TAMPA -- To critics, third-party groups entering the political sphere are akin to dark, secretive organizations that promote mass campaigns of disinformation and negative advertising to woefully influence voters.
But if the Sunshine State is any example, these groups won't be so influential after all
In fact, most of the outside spending in Florida comes from trade associations and unions that have lined up to oppose Republican candidates and support those of the Democratic Party, who are often portrayed as more sympathetic to the union cause.
An examination by Florida Watchdog of outside spending in congressional campaigns in the state reveals that the largest individual expenditures have been spent by groups tied to Democrats, both for party candidate and against their Republican opponent.
The numbers are provided from both the FEC and the Center for Repsonsive Politics, a Washington, D.C.-based organization dedicated to tracking money in politics.
In the heated race for the U.S. House seat in District 18, for example, Democratic businessman Patrick Murphy already has raised $54,643 thanks to the American Sunrise Political Action Committee, created to recruit progressive candidates with "practical private-sector experience," according to its website.
Murphy so far is the only benefactor of American Sunrise's spending.
In 2012, the Democratic House Majority PAC and the Democratic National Congressional Committee (DNCC) have spent $37,050 to advertise against Murphy's Republican opponent U.S. Rep. Allen West, currently of the 22nd District who is seeking his fortunes in the newly drawn District 19.
Redistricting will force several candidates out of their current districts and into news ones.
West's outside spenders, the National Republican Congressional Committee (NRCC), the Patriot Super PAC and the West Representation PAC, have spent $12,354 supporting the congressman, nearly $80,000 less than the money spent against him and for his opponent.
In the 26th District, the DNCC has spent $12,636 to unseat GOP Rep. Vern Buchanan, currently of District 13, as well as $9,835 against fellow GOP Rep. Steve Southerland of District 2.
"Many committees and organizations will now use a lot of resources in promoting negative advertising against a certain candidate," said Peter Quist of the National Institute on Money in State Politics, a Montana-based group tracking state-based political expenditures.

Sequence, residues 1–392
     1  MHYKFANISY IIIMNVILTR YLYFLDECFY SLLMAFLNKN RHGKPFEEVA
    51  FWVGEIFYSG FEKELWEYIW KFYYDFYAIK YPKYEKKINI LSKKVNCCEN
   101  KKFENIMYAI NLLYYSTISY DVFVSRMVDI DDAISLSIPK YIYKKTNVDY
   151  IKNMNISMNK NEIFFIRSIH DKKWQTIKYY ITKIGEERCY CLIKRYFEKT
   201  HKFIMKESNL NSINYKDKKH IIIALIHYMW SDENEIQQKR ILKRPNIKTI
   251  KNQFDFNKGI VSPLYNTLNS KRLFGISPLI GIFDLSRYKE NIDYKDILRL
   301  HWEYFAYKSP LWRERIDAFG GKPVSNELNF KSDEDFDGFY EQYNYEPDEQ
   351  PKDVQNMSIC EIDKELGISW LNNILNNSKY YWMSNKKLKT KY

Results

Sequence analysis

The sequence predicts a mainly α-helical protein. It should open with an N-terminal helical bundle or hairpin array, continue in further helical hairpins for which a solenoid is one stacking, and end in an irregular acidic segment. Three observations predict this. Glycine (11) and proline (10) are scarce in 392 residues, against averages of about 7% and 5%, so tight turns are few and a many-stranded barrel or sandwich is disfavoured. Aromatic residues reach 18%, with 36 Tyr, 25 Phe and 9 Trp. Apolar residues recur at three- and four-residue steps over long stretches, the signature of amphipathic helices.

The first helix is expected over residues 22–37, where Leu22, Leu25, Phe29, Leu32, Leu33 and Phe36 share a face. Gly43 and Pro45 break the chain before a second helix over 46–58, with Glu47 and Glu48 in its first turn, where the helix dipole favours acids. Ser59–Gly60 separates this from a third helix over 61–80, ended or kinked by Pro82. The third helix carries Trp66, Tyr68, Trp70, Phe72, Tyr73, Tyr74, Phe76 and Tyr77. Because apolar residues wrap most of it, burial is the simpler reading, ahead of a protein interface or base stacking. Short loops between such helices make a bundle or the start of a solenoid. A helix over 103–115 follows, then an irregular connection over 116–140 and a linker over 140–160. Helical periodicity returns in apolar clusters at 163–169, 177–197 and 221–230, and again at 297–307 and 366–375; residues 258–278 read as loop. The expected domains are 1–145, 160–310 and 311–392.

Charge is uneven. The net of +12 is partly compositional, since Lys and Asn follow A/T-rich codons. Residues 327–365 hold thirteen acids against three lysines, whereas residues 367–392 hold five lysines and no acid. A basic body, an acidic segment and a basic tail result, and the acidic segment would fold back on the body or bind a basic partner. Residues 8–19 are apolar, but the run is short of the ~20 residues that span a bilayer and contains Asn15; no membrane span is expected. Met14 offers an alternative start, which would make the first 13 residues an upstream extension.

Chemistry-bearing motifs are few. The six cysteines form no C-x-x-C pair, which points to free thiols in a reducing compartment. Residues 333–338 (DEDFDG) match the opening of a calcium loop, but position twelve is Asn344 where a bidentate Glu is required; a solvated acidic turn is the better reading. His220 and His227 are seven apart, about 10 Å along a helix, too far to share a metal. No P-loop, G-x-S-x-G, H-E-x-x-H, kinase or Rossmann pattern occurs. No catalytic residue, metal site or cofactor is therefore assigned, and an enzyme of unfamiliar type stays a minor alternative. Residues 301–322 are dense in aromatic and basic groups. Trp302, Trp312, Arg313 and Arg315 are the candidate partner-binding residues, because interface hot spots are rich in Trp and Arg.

His organization has seen that effect in local races throughout Florida and other states, perhaps receiving the spillover effect from the costly ongoing presidential campaign between President Obama and his GOP challenger Mitt Romney.
Throughout the course of the GOP presidential primary and the current race between Obama and Romney, outside spending has topped over $18 million in the state of Florida alone, mostly against former candidate Newt Gingrich.
The biggest spender has been the Super PAC supporting former Mass. Gov. Romney, Restore Our Future, Inc.
Tallied together, outside opposition groups have spent the most amount of money against GOP House candidates, nearly $72,000, while outside spending against Democratic candidates only took place in the district of Democratic National Committee (DNC) Chairwoman and U.S. Rep. Debbie Wasserman Schultz--and for only $321 by The New Generation PAC.
These groups "are raising and spending millions of dollars to accomplish their major purpose of influencing federal elections, while hiding their funding sources," said Cecil in his complaint to the FEC, against groups such as Karl Rove's Crossroads, Americans For Prosperity and 60 Plus, who have lent funds to opposing some of his candidates.
Neither Cecil or anyone from the DSCC returned calls to Florida Watchdog.
In the U.S. Senate race, the only statewide office on the ballot in 2012, the numbers are entirely similar.
U.S. Rep. Connie Mack, of District 14, the all-but-inevitable GOP candidate, has outside friends who have spent $11,668 on his campaign to oust incumbent Sen. Bill Nelson, D-Miami.
Outside spenders have committed $12,234 to advertise against Mack while GOP-affiliated groups have spent $14,280 against Nelson.
Yael Ossowoski covers Florida politics and government for Florida Watchdog, which is affiliated with the Franklin Center for Government and Politics.